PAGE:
Why Isn't Diet Enough?
Why Supplement with Phosphatidylserine?
Your brain is composed of about 60 percent fat, so healthy fats are critical to your brain’s health. While good fats should be found in abundance in various unprocessed foods, phosphatidylserine is deficient in the modern Western diet.
Modern low-fat and low-cholesterol diets lack up to 150 mg per day of dietary phosphatidylserine. A vegetarian diet may undersupply as much as 200 to 250 mg per day. Other eating styles also create a demand for more phosphatidyl serine. For example, a diet deficient in omega-3 fatty acids may reduce the amount of phosphatidylserine in the brain by 28% and thereby impair your brain’s ability to form, store, process and remember. (135)
To make matters worse, modern industrial production of fats and oils decreases all of the natural phospholipids—including phosphatidylserine.
Changes in our Western diet have resulted in a significant decrease in phosphatidylserine consumption in recent years, including rejection of fat, innards, organ meats and poultry skin (e.g., low-fat, low-cholesterol, and reduced-meat diets).
Changes in Meat Consumption in US (lbs/person)
|1970||51.8 lbs||28.1 lbs||1.0 lbs||15.8 lbs|
|1986||48.5 lbs||27.8 lbs||0.7 lbs||21.0 lbs|
|2009||37.8 lbs||27.2 lbs||0.2 lbs||32.3 lbs|
Nutritional concern about fat and cholesterol has encouraged the production of leaner animals, the closer trimming of outside fat on retail cuts of meat, the marketing of lower-fat ground meat and processed meat products, and consumer substitution of poultry for red meat—significantly lowering the meat, poultry, and fish group—contribution to total fat and saturated fat in the food supply. Despite near record-high per capita consumption of total meat in 1994, the proportion of fat in the U.S. food supply contributed by meat, poultry, and fish declined from 35 percent in 1970 to 25 percent in 1994.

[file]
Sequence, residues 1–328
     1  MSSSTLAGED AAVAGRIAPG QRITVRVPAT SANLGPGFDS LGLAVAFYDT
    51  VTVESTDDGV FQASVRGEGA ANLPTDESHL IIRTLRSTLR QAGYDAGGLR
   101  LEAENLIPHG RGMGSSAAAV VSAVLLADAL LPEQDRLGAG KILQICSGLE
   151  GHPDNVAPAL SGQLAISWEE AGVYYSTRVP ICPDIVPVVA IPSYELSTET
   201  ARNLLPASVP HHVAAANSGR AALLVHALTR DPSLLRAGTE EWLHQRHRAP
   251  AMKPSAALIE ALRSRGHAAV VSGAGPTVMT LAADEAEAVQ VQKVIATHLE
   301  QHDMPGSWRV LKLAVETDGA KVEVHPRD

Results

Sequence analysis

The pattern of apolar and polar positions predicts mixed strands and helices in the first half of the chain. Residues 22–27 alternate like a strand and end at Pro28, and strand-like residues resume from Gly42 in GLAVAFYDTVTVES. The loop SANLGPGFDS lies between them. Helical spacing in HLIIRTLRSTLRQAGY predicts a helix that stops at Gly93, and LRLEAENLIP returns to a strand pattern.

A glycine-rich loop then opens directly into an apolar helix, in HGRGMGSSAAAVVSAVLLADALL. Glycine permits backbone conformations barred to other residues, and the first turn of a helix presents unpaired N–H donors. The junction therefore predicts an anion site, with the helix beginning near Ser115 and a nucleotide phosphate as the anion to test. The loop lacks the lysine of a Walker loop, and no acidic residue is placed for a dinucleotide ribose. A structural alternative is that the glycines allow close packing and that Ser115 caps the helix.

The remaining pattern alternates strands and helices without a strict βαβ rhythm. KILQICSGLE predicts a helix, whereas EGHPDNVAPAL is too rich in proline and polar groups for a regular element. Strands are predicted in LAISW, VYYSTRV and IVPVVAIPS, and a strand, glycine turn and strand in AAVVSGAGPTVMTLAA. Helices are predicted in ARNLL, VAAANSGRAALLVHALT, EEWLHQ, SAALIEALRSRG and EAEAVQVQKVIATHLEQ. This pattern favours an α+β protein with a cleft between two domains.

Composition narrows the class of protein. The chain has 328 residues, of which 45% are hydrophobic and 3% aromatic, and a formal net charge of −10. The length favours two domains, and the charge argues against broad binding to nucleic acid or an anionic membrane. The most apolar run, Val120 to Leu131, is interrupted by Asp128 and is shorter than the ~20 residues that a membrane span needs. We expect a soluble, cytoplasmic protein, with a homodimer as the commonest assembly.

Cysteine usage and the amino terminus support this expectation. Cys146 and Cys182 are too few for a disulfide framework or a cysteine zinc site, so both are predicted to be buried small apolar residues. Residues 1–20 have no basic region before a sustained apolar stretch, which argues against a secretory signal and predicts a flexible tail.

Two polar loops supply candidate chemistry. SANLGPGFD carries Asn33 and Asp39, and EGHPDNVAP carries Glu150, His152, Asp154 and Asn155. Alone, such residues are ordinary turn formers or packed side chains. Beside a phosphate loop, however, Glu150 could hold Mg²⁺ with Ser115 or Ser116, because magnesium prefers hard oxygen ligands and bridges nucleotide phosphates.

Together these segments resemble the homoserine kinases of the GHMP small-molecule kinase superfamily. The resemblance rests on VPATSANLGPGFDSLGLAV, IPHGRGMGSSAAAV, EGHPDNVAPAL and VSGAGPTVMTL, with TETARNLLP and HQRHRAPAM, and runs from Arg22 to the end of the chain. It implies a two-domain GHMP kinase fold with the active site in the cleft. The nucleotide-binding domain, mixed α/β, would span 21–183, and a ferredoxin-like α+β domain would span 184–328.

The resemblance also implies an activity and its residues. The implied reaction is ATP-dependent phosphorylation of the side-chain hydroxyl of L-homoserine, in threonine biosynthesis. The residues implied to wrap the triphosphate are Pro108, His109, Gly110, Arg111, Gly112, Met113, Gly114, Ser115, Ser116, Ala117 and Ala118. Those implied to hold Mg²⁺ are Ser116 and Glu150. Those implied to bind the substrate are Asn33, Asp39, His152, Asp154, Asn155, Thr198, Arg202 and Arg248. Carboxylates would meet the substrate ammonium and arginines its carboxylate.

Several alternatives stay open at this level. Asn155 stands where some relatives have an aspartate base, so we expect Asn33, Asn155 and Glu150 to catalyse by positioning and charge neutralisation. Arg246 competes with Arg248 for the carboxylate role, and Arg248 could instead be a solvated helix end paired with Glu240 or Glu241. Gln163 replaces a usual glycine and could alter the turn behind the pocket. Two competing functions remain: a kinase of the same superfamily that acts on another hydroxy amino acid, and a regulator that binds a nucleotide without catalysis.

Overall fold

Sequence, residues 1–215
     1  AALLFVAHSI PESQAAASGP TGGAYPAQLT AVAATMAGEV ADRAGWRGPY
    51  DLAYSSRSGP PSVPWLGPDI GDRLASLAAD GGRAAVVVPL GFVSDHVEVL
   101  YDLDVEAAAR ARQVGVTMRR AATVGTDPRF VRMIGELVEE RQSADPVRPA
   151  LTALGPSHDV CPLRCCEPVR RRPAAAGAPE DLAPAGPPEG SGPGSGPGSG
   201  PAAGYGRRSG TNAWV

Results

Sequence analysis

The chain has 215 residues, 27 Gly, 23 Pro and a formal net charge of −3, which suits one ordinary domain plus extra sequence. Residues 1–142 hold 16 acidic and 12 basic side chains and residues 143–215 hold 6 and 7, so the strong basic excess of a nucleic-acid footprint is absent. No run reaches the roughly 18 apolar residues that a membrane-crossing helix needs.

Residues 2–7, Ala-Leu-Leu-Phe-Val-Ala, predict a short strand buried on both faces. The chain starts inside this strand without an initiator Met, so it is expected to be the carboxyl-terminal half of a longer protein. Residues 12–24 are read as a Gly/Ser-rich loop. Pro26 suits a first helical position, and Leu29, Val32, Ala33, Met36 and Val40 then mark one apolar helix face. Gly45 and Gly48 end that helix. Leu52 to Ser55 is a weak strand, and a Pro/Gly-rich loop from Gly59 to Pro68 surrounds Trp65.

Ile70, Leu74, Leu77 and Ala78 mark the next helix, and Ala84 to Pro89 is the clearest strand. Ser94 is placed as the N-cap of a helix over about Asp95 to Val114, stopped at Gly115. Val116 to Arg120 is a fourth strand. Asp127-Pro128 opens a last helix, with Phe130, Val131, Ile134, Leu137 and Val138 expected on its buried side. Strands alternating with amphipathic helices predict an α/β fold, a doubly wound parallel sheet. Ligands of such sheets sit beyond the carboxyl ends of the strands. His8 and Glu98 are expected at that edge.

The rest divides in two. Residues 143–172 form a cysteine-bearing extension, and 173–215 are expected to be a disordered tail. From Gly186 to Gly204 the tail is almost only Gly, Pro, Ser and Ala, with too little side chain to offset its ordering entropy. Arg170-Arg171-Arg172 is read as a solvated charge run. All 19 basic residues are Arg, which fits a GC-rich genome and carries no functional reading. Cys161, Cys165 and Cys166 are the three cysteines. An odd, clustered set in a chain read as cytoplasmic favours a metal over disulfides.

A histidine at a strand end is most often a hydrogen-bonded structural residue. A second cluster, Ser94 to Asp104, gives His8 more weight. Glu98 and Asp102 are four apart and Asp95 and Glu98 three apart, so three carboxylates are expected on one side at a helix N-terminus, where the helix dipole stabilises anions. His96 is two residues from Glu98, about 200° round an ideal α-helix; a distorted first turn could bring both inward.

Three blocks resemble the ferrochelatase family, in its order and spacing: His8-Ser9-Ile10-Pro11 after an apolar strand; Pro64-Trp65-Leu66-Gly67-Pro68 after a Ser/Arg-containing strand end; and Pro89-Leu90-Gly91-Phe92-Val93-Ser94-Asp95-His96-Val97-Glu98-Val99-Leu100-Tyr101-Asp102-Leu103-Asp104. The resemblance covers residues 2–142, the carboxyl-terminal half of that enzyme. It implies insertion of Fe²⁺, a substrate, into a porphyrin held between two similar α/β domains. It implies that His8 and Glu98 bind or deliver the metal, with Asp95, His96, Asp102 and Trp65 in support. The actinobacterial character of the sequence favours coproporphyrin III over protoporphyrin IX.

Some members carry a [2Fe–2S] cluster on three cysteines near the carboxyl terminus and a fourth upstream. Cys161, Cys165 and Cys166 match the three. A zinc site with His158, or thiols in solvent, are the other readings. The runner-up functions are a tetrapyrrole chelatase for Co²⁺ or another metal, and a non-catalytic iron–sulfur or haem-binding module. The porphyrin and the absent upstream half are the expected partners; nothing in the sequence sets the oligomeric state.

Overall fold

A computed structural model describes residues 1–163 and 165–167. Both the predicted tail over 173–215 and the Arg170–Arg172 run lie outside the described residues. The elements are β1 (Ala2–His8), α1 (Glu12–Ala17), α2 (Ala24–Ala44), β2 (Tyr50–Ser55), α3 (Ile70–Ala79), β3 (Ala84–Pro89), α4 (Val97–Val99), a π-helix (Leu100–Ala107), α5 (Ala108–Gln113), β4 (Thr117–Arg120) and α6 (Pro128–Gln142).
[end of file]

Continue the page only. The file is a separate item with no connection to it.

Dietary Sources of Phosphatidylserine
|Food||PS in mg/100g|
|Brain (bovine, ox)||713|
(internal organs, intestines)
|Chicken leg with skin||134|
|Chicken leg, no skin||50|
|Chicken breast with skin||85|
|Chicken breast, no skin||45|
|Food||PS in mg/100g|
|Barley (whole grain)||20|
|Cow’s Milk (3.5% fat)||1|
|Cow’s Milk (1.5% fat)||0.5|
(Above:) Phosphatidylserine (PS) content in various foods. (208)
Phosphatidylserine can be found in meat and fish, but most abundant in organs not served in Western diets, including the brains and internal organs such as liver and kidney. Only small amounts can be found in dairy or vegetables, except for white beans. (135)
Dietary intake of phosphatidylserine is essential because your body cannot synthesize the fatty molecule de novo. Phosphatidylserine supplementation has proven to restore activity of phosphatidylserine in your brain cell membranes, the chemical interaction and transfer of electrical impulses between neurons at both the sending and receiving ends. Thus, new information can more easily carve a new pattern and memories are reinvigorated. (209)